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Twelfth Night, Duke of York's | reviews, news & interviews

Twelfth Night, Duke of York's

Twelfth Night, Duke of York's

Production is underpowered but has some magnificent performances at its heart

Richard Wilson: assured Shakespearean debut as the pompous servant Malvolio

When I saw Gregory Doran’s production of Twelfth Night for the Royal Shakespeare Company at the Courtyard Theatre in Stratford-upon-Avon in October, I thought it unsubtle and underpowered, but that it would settle in during its run. Apparently not, as, in its transfer to London’s West End, it has gathered neither pace nor depth. That’s a real shame as there are some terrific performances at its heart.

Doran’s handling of the play’s complicated romances has wonderful clarity and in this he is helped by great performances by the four lovers. Jo Stone-Fewings playfully brings out the fevered longings of Duke Orsino as he pines for Olivia, still in deep mourning after her brother’s death a year before. He sends his favourite servant Cesario (in reality the disguised Viola, who is secretly in love with Orsino) to plight his troth, but Olivia falls in love with Cesario, who in turn believes that her beloved twin Sebastian (Sam Alexander) has been lost in a shipwreck off the coast of Illyria. Alexandra Gilbreath is magnificent as Olivia, moving gracefully from grief-stricken froideur to girlish glee as she falls for Cesario, while Nancy Carroll is equally striking as Viola/Cesario, plausibly boyish and skilfully bringing out her character’s erotic confusion.

The scenes involving the lovers are strongest; when Viola is reunited with Sebastian it’s genuinely heartwarming, and Olivia’s cry of “Most wonderful!” at seeing the twins together - as she goes from delight to confusion to realising the sexual possibilities - is a real highlight.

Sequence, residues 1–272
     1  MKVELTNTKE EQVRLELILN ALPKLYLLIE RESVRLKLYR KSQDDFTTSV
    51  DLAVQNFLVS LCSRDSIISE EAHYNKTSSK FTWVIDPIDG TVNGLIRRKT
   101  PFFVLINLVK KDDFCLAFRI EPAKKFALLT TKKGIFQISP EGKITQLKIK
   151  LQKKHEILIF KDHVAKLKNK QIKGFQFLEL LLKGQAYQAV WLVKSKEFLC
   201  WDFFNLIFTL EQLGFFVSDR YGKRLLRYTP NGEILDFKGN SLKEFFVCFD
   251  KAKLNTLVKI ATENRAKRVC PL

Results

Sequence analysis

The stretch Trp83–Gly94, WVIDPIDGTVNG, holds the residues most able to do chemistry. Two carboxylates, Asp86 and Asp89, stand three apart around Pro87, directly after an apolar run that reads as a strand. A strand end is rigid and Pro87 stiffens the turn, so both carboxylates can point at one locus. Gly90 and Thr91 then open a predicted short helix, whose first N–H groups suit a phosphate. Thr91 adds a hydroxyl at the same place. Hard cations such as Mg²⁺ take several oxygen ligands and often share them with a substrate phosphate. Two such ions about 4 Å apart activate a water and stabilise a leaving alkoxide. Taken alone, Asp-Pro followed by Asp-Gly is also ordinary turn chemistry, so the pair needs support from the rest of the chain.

But Doran has made one of Shakespeare’s funniest plays about as gigglesome as a boil on the backside for most of the evening. Talking of backsides, any staging that relies on fart jokes for laughs is in trouble, and so it proves as Richard McCabe’s Sir Toby Belch parps his way about the stage. And him a Rada-trained actor - oh, the shame. McCabe brings out all the meddlesome malevolence of Sir Toby, but this interpretation jars with James Fleet’s entertaining turn as a wonderfully fey Sir Andrew Aguecheek. Lacking both chemistry and comedic snap, their early scenes gathered nary a laugh last night, and consequently we don’t really understand why they try to fool Malvolio into thinking that his mistress Olivia is secretly in love with him. Miltos Yerolemou’s Feste, meanwhile, is too often an irritating presence on stage.

For many British television fans it may be the casting of Richard Wilson (Victor Meldrew of BBC’s One Foot in the Grave) as Malvolio that is of most interest. He makes an assured Shakespearean debut as Olivia’s ridiculously pompous steward, but fails to bring out the role’s heartbreaking pathos, another directorial weakness. The letter scene is horribly misjudged; when the gulled Malvolio says: "My lady loves me", it is with gleeful wonder rather than being an expression of the deluded, above-his-station idea the servant has of himself. And Malvolio’s embittered last line - “I’ll be revenged on the whole pack of you” - is, curiously, delivered offstage and sounds less a threat than a case of esprit d’escalier.

But there is much to enjoy: Robert Jones’s set (in which a box-tree plays a starring comic role in the letter scene) neatly evokes the director’s early 19th-century Ottoman Empire setting of the play, the production is beautifully spoken and the interaction between the lovers is always touching.

Twelfth Night online booking for performances at the Duke of York’s Theatre, London until 27 February 2010.

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